The psychological effects of architectural design were first realized and discussed near the start of the 20th century. Since then, architectural psychology has been extensively studied. In 2021, German professor Alexandra Abel defined architectural psychology as “the science of human experience and behavior in built environments.” It is agreed that implementing specific shapes, colors, or textures into the design of a structure can evoke a desired emotion or metal state for the occupants.

Think about a dentist’s office for example. No one really enjoys a dentist visit. With that being said, it’s fair to assume that most individuals enter a dental office with a moderate amount of anxiety or stress. This is why most dental offices will go above and beyond to try and relax their patients in the waiting room via the design. Next time you have a dentist appointment, look around. You are likely to see an overwhelming number of rounded edges on the walls and ceilings. You will see more soft colors like blue, green, white, gray, and yellow. Even the texture of the chairs in the waiting room were chosen to ease your tension.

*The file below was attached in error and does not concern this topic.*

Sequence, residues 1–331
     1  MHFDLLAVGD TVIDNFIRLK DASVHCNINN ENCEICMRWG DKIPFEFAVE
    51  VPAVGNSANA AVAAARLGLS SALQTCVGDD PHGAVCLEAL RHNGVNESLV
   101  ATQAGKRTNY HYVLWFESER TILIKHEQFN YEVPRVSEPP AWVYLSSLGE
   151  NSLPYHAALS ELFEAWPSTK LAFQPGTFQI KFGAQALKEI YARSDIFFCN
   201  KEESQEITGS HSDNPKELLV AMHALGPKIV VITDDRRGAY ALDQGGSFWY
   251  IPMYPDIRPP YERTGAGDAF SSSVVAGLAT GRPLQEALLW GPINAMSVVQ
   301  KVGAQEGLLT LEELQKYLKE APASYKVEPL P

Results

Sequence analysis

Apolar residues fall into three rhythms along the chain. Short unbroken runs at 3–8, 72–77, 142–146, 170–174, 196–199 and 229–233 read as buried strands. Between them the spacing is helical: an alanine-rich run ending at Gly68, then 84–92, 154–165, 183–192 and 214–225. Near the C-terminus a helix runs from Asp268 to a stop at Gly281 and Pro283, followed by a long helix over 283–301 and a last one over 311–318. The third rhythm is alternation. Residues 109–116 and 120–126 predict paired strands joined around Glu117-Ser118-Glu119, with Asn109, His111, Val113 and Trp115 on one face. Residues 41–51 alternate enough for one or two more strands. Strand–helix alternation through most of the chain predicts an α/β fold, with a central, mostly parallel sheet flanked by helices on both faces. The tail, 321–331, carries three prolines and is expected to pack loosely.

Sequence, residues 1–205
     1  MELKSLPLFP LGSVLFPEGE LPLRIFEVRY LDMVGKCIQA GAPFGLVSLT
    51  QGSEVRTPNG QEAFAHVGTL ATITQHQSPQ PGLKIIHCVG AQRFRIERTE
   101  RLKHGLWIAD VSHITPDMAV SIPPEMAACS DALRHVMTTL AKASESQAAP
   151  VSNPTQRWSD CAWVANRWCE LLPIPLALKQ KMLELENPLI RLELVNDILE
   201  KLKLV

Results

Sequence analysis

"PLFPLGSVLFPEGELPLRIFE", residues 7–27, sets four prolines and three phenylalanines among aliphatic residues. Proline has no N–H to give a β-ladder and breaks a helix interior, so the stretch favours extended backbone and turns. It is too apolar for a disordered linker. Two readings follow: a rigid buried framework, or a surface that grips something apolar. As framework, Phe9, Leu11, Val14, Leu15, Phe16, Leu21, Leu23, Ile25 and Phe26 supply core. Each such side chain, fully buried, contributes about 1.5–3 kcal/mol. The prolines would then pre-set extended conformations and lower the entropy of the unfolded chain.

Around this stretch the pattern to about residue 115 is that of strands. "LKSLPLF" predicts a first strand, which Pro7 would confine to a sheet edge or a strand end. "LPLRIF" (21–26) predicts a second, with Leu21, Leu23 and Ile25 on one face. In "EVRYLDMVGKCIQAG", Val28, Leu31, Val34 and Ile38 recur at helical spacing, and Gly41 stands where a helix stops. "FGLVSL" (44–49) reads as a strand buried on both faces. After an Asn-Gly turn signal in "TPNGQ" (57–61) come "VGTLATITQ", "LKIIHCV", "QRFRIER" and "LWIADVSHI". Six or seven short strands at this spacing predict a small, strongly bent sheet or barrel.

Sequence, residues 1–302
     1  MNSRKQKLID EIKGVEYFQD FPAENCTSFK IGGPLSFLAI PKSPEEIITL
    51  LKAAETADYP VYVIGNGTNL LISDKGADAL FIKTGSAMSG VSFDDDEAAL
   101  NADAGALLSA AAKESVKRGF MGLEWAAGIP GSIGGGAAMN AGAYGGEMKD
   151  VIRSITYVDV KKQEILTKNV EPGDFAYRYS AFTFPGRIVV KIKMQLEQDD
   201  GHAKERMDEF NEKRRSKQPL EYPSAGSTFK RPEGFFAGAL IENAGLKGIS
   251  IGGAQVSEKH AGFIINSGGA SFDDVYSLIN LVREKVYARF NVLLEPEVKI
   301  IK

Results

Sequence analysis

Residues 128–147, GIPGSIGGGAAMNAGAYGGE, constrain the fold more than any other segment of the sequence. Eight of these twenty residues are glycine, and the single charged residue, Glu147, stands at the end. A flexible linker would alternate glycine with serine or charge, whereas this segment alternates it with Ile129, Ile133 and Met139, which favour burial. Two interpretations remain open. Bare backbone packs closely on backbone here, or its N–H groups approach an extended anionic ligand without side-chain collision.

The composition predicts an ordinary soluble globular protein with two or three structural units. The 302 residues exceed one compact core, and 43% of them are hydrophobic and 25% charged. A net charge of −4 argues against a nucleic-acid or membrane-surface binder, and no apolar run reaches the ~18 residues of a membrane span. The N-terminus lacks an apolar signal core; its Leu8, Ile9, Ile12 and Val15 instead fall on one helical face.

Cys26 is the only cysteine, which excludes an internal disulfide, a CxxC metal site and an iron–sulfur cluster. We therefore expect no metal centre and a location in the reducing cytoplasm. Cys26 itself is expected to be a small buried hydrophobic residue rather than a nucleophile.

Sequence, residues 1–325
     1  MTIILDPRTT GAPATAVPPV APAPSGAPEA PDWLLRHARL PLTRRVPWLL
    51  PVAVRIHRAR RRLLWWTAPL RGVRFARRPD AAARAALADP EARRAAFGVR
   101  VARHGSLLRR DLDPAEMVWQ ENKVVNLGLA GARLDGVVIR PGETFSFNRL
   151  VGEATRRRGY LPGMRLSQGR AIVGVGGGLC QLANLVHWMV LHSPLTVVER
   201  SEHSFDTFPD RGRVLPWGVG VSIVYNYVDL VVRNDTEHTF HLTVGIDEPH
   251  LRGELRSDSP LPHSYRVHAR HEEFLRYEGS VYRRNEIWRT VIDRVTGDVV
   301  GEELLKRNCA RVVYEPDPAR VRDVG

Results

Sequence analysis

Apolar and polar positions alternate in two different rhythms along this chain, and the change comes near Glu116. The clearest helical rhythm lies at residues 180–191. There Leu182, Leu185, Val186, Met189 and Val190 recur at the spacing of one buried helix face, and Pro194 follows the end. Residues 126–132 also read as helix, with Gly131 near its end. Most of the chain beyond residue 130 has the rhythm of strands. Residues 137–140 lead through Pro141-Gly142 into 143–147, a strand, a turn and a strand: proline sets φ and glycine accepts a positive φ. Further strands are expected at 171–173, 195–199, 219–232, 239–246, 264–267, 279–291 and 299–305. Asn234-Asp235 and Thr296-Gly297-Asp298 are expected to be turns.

There are numerous examples of these same principles being applied to different property types. Prisons contain architectural features to keep the inmates docile and subordinate. The interior décor of office buildings often contains very little eye-grabbing details to keep employees on task. Take a moment to observe your surroundings and digest how the design makes you think or feel.

In a perfect world, every dentist’s office would make you feel calm, and every church would have theater seating so you are not peering around the person’s head in front of you. However, sometimes the budget isn’t big enough to accommodate these elements.